This dysfunctional relationship between government, business, and consumers is allowed to persist for only one reason: the widespread misconception that it would be more profitable for unregulated industries to gouge their customers and sacrifice their safety and that of the environment in order to reduce their costs and widen their profit margins. This incorrect assumption flies completely in the face of history.

BP will pay at least $20 billion, not in fines for violating regulations, but in compensation to the people whose lives and properties were damaged by their negligence. There are already widespread rumors that they will be broken up and sold off because of the financial vulnerability resulting from the fall in the price of their stock. Similarly, Enron went bankrupt due to market forces and its officers were prosecuted for breaking the laws against fraud. Both of these outcomes would have been the same without the existence of the regulations and regulatory agencies that governed these companies, because they occurred as the result of the government enforcing property rights, not regulations. When property rights are enforced, the profit motive discourages companies from exposing themselves to liability. Those who do not heed this natural law quickly find themselves out of business.

Thomas Jefferson once wrote, “No man has a natural right to commit aggression on the equal rights of another; and this is all from which the laws ought to restrain him.” He was right. It is a violation of liberty for the government to try to prevent crime or negligence, which it is unable to do anyway. There will always accidents, regardless of regulations that attempt to prevent them. If you want to maximize protection of consumers and the environment, regulations are not the answer.

A truly free market without artificial barriers to new competitors will force companies to constantly improve their products, services, and production processes and limit their exposure to liability. It will also force them to please their customers. The companies that do these things the best will outperform and eventually eliminate those companies that do not. This does not represent “companies regulating themselves,” as President Obama argues, but rather regulation by economic law.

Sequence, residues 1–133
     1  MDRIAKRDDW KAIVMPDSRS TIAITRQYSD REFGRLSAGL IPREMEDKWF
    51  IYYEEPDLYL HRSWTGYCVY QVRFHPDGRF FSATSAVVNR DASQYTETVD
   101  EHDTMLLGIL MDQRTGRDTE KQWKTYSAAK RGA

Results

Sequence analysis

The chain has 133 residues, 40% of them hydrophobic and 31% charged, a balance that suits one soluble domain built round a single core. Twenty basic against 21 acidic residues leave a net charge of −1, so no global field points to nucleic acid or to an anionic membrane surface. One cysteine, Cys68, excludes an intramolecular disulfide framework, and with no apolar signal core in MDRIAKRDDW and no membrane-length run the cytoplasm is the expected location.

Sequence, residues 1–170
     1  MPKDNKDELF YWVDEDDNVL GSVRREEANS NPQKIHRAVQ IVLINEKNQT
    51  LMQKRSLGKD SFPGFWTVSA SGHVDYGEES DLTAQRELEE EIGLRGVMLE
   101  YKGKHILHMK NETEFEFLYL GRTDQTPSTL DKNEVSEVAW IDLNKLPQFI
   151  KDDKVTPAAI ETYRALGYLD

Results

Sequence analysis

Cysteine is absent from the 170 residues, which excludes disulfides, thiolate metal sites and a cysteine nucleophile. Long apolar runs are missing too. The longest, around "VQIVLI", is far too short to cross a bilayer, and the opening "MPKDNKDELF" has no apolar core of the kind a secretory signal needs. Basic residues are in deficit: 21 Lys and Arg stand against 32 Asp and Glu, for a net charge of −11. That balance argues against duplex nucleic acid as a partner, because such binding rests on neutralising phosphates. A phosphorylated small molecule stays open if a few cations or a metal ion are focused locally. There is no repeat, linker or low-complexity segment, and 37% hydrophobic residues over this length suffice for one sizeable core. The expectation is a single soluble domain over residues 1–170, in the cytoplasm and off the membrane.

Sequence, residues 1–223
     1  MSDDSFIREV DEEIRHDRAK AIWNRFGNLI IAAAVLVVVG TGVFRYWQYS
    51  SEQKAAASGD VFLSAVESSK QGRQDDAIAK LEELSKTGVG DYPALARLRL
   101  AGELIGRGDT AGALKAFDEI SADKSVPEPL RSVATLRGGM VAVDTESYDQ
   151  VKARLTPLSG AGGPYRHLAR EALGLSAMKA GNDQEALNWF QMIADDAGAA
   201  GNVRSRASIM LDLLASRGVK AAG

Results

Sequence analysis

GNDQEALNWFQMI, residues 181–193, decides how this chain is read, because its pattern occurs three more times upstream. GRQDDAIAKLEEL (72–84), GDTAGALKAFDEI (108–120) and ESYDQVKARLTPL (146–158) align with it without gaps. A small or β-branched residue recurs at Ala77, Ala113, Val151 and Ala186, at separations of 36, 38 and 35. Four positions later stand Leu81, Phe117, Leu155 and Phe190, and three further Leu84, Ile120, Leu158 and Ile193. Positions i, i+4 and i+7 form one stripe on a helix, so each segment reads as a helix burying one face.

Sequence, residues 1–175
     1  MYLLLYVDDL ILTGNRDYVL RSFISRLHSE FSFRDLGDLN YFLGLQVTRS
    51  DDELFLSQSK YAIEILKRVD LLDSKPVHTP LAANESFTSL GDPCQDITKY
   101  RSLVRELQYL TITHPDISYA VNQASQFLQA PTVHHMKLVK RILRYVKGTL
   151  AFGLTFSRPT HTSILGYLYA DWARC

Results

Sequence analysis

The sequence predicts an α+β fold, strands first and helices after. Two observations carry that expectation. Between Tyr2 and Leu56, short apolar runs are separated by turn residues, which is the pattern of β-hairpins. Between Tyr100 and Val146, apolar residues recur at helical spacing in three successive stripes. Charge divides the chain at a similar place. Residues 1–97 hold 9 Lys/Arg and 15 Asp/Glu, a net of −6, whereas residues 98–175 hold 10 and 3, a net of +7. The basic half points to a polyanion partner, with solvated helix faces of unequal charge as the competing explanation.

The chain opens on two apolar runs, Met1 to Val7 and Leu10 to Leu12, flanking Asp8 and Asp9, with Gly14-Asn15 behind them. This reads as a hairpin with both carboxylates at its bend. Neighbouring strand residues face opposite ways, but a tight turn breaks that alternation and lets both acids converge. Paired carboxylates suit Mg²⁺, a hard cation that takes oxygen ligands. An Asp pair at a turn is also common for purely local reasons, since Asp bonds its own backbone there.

Liberals constantly rail against Big Oil, Big Pharma, and large corporations in general. However, they then call for expansion of the fascist regulatory complex that created them and keeps them big. The cure for the disease is not more of the bacteria that caused it. If you want to see fairness to consumers and protection of the environment, a truly free market is the only answer.

*Transcript of entire speech

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Comments

  1. Claire M says:

    >Very true! I also think that all these government regulations give Americans a false sense of security. People figure that if the government is looking out for them they can let their guard down and leap before they look. I have no doubt that that same goes for corporations too. If the goal is to comply with regulations, then safety problems that are not covered by any existing regulation are more likely to be overlooked. When corporations trust the government to prevent them from messing up, that's when bad things start to happen.

    As you pointed out, the goal of the corporation should indeed be to prevent damage to people and their property, which is why the leeway to be creative about imagining worst case scenarios and coming up with solutions to potential problems as only they know best how to do. The problem with government regulation is that it makes corporations look backward at how well they are complying, instead of forward at how they can best stay ahead of potential problems.

    The sad fact about regulations is that they can never catch up to the problems they are meant to prevent, because new problems always crop up, problems that the bureaucrats hadn't anticipated (but that corporations like BP could have anticipated had they had the right incentives and freedom.) The government just keeps on closing the barn door after the horses have run away. So what do we have now? A bunch of empty, closed up barns…

  2. Stephen says:

    >Another example of the classic problem of the regulated becoming the regulators.